Jennifer Lawrence and Elizabeth Banks have both had a great year. Both of the Mockingjay: Part 2 actresses, along with The Hunger Games Producer Nina Jacobson find their places on The Hollywood Reporter‘s 2015 Women in Entertainment Power 100 list.
Banks topped off her banner year by hosting Saturday Night Live for the first time Nov. 14, opening the show by “directing” her own monologue in which she sang and danced to “Flashdance … What a Feeling.” The actress, known for her roles in comedies and dramas ranging from 30 Rock and The 40-Year-Old Virgin to The Hunger Games and this year’s Brian Wilson biopic Love & Mercy, said on the show that she’d been bitten by the “directing bug.” Millions of fans around the world are happy she was: Her directorial debut, Pitch Perfect 2, opened to $69 million in May — the highest domestic opening ever for a first-time director.
“I felt a real responsibility as a filmmaker who happens to be a woman to deliver on the film,” says Banks, who also produced the movie via Brownstone Productions, which she runs with husband Max Handelman. “I set out with the goal of making a bigger movie, a more blockbuster-sized version of Pitch Perfect.”
After the Universal sequel went on to earn $286.6 million worldwide, directing offers started rolling in, and Banks signed on to helm a new Charlie’s Angels for Sony.
“The original ethos of women who graduated from the police academy, and then were given the jobs of crossing guard and meter maid, I feel like that’s still very real in the world right now,” says the star, who also is attached to direct and produce the adaptation of YA hit Red Queen, a book she became interested in after starring as Effie Trinket in the Hunger Games franchise. Banks also will return to direct Universal’s third Pitch Perfect film, slated for release in July 2017.
“I definitely feel a responsibility to advocate on behalf of other women getting behind the camera,” says Banks, a mother of two boys.
The Massachusetts-born actress, who served on the Venice Film Festival jury in September and was nominated for an Emmy for her guest actress work on Modern Family this year, recently signed on to star in the war drama Rita Hayworth With a Hand Grenade.
“I’d like to play more lead roles,” she says, “which is such a ridiculous thing to say now that I’m not 26 and an ingenue. The ingenues usually have to play with the boys, and I’m much less interested in being the support system for a man in a movie.”
WHAT I WISH I KNEW WHEN I FIRST STARTED IN HOLLYWOOD “How to dress better.”
SUPERPOWER I WISH I HAD “Invisibility”
THE HOLLYWOOD CAREER I COVET “Tom Hanks”
FAVORITE TV SHOW (THE I’M NOT INVOLVED WITH) “Game of Thrones”
INDUSTRY PET PEEVE “I have many, but I don’t think there are any I’m willing to say as I’m an employee most of the time.”
As if biggest star in Hollywood wasn’t enough, Lawrence added advocate to her resume in October when she authored a defining essay on gender pay inequality in Hollywood, published in Lena Dunham’s newsletter,Lenny. The actress was moved to speak out after learning what her male co-stars in David O. Russell’s 2013 film American Hustle earned. “When the Sony hack happened and I found out how much less I was being paid than the lucky people with dicks, I didn’t get mad at Sony. I got mad at myself,” wrote Lawrence. “I failed as a negotiator because I gave up early.” She wouldn’t make the same mistake twice. In fact, for Sony’s forthcoming Passengers, she commanded a hefty $20 million — more than co-star Chris Pratt is earning for the space romance, set to hit theaters Dec. 21, 2016. It’s been a year of endings for the star, betweenMockingjay — Part 2, the final title in the Hunger Games series, and her last X-Men movie, X-Men: Apocalypse, due in theaters in May.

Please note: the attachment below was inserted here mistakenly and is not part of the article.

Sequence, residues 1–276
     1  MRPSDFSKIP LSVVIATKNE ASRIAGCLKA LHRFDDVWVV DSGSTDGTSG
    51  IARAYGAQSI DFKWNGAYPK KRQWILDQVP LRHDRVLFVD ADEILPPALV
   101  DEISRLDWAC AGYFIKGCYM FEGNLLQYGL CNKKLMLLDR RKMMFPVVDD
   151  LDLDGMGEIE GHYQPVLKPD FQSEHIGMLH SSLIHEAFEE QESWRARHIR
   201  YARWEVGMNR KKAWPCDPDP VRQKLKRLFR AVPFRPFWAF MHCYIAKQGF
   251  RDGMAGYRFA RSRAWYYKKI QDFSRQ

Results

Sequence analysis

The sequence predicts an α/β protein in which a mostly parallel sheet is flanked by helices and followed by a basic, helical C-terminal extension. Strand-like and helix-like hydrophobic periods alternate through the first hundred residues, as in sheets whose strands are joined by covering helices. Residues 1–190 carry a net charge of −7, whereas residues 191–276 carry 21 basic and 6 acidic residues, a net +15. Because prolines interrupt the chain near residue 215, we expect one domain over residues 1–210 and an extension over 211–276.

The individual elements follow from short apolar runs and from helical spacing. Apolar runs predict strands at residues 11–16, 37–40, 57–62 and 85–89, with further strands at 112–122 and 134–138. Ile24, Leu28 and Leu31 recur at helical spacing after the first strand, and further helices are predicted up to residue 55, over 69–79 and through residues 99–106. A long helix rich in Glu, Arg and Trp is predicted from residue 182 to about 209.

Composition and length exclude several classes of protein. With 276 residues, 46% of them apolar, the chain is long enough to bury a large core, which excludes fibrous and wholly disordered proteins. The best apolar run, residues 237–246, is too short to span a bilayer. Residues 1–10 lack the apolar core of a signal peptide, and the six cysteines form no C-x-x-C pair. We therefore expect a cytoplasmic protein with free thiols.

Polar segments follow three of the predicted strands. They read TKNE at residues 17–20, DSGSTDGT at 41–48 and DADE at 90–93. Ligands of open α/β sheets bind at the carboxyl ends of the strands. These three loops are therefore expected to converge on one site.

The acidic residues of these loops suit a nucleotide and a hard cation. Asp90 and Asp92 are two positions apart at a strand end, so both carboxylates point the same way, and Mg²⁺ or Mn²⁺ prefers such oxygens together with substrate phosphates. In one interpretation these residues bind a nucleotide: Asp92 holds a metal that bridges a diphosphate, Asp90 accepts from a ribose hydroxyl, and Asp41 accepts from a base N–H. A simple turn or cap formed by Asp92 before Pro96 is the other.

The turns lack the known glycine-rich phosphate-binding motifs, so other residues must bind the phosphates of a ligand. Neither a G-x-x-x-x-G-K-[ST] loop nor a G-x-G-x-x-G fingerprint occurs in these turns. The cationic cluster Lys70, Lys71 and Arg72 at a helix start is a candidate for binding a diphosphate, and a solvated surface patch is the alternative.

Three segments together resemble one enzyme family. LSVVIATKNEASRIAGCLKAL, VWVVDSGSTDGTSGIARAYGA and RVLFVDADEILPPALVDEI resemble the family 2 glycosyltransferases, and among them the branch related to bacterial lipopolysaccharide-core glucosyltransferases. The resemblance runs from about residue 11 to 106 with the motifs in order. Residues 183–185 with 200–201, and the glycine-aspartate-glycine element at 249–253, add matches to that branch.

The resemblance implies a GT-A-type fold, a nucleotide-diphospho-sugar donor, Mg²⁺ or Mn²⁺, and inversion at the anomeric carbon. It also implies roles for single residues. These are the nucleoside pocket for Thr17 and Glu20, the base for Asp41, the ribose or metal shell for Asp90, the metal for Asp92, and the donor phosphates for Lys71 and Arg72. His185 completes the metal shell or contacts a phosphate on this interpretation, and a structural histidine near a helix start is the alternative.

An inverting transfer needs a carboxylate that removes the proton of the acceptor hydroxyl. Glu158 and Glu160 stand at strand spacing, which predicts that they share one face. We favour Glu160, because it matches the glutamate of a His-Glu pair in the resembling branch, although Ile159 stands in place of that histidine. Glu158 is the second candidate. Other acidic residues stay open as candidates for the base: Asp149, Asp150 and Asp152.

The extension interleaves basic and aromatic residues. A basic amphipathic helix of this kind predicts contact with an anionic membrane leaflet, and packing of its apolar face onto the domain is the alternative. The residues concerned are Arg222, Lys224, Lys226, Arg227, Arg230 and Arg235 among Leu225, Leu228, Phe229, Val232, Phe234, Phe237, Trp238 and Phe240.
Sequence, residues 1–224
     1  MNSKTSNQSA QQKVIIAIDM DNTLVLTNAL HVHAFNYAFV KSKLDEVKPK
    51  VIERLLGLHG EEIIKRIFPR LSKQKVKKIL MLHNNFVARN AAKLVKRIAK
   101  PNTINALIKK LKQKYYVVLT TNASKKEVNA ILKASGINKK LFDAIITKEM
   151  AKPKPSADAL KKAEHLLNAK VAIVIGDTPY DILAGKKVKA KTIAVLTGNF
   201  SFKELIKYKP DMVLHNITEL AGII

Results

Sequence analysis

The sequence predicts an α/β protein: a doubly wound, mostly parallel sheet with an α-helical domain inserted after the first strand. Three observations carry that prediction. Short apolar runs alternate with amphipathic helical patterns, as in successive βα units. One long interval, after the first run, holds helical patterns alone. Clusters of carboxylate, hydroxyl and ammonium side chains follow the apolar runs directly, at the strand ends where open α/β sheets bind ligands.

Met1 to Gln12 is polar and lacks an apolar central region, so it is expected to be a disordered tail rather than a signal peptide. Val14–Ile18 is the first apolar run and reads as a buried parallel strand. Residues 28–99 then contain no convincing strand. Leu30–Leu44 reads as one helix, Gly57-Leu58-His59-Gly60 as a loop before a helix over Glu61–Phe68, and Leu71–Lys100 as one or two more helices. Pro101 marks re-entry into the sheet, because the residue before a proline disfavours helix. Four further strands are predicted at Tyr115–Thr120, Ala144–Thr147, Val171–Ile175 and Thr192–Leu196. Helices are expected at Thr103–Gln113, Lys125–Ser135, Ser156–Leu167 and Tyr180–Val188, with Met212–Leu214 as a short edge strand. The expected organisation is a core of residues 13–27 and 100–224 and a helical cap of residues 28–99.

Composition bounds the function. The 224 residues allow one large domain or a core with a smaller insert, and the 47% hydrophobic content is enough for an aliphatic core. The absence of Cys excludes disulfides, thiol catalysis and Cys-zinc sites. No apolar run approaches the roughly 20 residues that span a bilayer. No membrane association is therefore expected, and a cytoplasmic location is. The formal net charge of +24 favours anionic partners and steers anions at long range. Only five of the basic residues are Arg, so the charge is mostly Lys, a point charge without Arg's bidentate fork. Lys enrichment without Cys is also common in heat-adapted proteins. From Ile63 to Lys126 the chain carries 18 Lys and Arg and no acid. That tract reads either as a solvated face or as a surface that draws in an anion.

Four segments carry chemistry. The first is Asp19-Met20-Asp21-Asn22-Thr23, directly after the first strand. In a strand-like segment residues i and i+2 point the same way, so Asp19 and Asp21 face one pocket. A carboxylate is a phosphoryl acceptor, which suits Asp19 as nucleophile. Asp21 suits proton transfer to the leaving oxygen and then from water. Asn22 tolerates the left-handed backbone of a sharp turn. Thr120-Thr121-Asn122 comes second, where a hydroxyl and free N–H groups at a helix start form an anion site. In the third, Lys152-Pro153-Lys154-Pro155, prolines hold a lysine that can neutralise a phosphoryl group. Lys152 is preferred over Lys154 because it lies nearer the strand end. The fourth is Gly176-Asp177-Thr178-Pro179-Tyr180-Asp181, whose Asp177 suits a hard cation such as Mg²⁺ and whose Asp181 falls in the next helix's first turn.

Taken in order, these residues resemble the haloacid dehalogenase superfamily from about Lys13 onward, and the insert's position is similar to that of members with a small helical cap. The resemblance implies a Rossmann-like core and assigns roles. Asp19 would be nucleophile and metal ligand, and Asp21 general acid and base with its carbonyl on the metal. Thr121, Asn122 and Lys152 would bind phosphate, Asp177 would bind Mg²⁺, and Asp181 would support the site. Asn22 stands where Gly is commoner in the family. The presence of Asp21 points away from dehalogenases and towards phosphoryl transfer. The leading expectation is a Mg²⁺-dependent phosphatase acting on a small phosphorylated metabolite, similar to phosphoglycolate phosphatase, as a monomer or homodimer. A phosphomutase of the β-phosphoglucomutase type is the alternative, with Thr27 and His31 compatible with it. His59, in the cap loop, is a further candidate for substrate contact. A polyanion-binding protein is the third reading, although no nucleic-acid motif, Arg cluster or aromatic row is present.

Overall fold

She went on a whirlwind worldwide tour to promote Mockingjay, which opened Nov. 20 (it had grossed $206 million domestic as of Dec. 2), and now is preparing for the Dec. 25 release of Joy, widely expected to be a player in this year’s awards race (with buzz around Lawrence for a best actress nomination). The movie, directed by Russell, is loosely based on the life of Miracle Mop creator Joy Mangano. Oscar winner (and three-time nominee) Lawrence recently revealed that she will direct Project Delirium, based on Raffi Khatchadourian’s 2012 New Yorker piece about chemical weapon experiments performed on U.S. soldiers during the Cold War, and is co-writing a comedy with Amy Schumer. The Kentucky native also struck a pact this summer to be the face of Dior Addict makeup.
The final installment of the $2.7 billion Hunger Games franchise debuted behind expectations in November, but it remains a box-office giant with a global total of nearly $450 million to date. Jacobson now is moving into TV with American Crime Story: The People v. O.J. Simpson, produced with Ryan Murphy, premiering on FX in early 2016. On the film side, she’s making RichardLinklater’sWhere’d You Go, Bernadette (Cate Blanchett will star) and The Goldfinch, based on Donna Tartt’s Pulitzer Prize-winning novel.
INDUSTRY PET PEEVE “If you don’t like something, just go ahead and say it. Don’t give a vague, euphemistic, avoidant answer in some flowery language I don’t understand.”
WHAT I WISH I KNEW WHEN I FIRST STARTED IN HOLLYWOOD “You can bounce back.”
WHAT PEOPLE DON’T KNOW ABOUT ME “I have a horse I hardly ever ride. I keep it in Malibu.”
AS A WOMAN IN THIS BUSINESS, I’M STILL SURPRISED WHEN … “People act surprised that movies starring women are so successful.”
Check out the full list here.